100 Cameras really shines on the iPad. The big screen gives you much more of an idea of how the various effects are working on your original photo, and the tool palette at the bottom of the screen provides an easy way to adjust different factors. As with the iPhone app, swiping to the left continuously shows one effect after another. You don't have to look at the images in full screen, though -- there's an effect button at the top right of the screen that can be tapped to reveal a scrolling list showing all of the effects in a much smaller size.
The iPad palette can be hidden completely, pulled out slightly to show just four controls (glow, yin, yang, and save), or pulled out all the way to add reset and rotate buttons, sliders for vignetting images and adjusting contrast and brightness, and the add effect button from the iPhone app.
Those yin and yang sliders each have seven separate blending modes underneath them that can be switched from a popup -- HardLight, Overlay, Multiply, Luminosity, Screen, Hue, and Dodge -- and then adjusted in a huge number of combinations to produce just the effect you want. In the overview page of the iPad app, Ratcliff notes that the Yin is the effect of the texture upon an image, while Yang is the effect of the image layered on top of itself.
I have to laugh at one of the iPad "features" -- when you try to open a photo from your library that is from a high-resolution digital camera, you'll see a Large Image Warning with options to either "Crash and Burn!" or "Reduce Size." The iPad app will sometimes crash when you open a full-resolution image, so at least you're getting a fair warning. I found that closing other open apps reduced the probability of crashes.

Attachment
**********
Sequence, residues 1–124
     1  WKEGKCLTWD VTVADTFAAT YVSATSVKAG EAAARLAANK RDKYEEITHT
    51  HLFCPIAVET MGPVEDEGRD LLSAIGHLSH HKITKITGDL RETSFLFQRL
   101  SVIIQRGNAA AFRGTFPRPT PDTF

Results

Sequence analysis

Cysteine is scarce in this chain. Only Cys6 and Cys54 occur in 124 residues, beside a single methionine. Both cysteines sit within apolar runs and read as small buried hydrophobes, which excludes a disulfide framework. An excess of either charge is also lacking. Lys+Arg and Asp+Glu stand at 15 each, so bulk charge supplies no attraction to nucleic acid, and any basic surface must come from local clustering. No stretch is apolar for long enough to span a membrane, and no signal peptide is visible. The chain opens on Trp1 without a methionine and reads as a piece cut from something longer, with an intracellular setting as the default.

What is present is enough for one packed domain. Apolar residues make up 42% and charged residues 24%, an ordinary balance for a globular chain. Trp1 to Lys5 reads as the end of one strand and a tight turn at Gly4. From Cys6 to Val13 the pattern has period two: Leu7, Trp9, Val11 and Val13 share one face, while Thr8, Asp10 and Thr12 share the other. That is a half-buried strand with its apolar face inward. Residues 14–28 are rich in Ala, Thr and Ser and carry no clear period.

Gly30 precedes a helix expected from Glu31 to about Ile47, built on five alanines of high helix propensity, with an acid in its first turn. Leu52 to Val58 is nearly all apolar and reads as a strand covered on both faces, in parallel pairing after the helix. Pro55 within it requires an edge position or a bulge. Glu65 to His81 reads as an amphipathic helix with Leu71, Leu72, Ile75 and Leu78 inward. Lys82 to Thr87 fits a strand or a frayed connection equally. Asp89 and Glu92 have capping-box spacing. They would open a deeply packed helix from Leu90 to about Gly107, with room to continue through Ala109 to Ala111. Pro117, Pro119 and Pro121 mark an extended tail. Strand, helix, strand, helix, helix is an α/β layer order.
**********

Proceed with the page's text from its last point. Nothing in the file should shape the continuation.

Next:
The iPad app also has integration with other iPad apps -- on my iPad, it played nicely with Instagram, Photogene, PhotoFactory, and Air Sharing. Version 1.2 of the iPad app has a small typo -- it says "Send to Instapaper" instead of "Send to Instagram," and a fix has been submitted to Apple.
Ratcliff noted in an email that on the iPad, "using old photos is better than taking new photos with that awful iPad 2 camera," and I agree. It's so easy to move images to an iPad from a "real" digital camera using the Camera Connection Kit that there's really no reason to use the awkward iPad camera.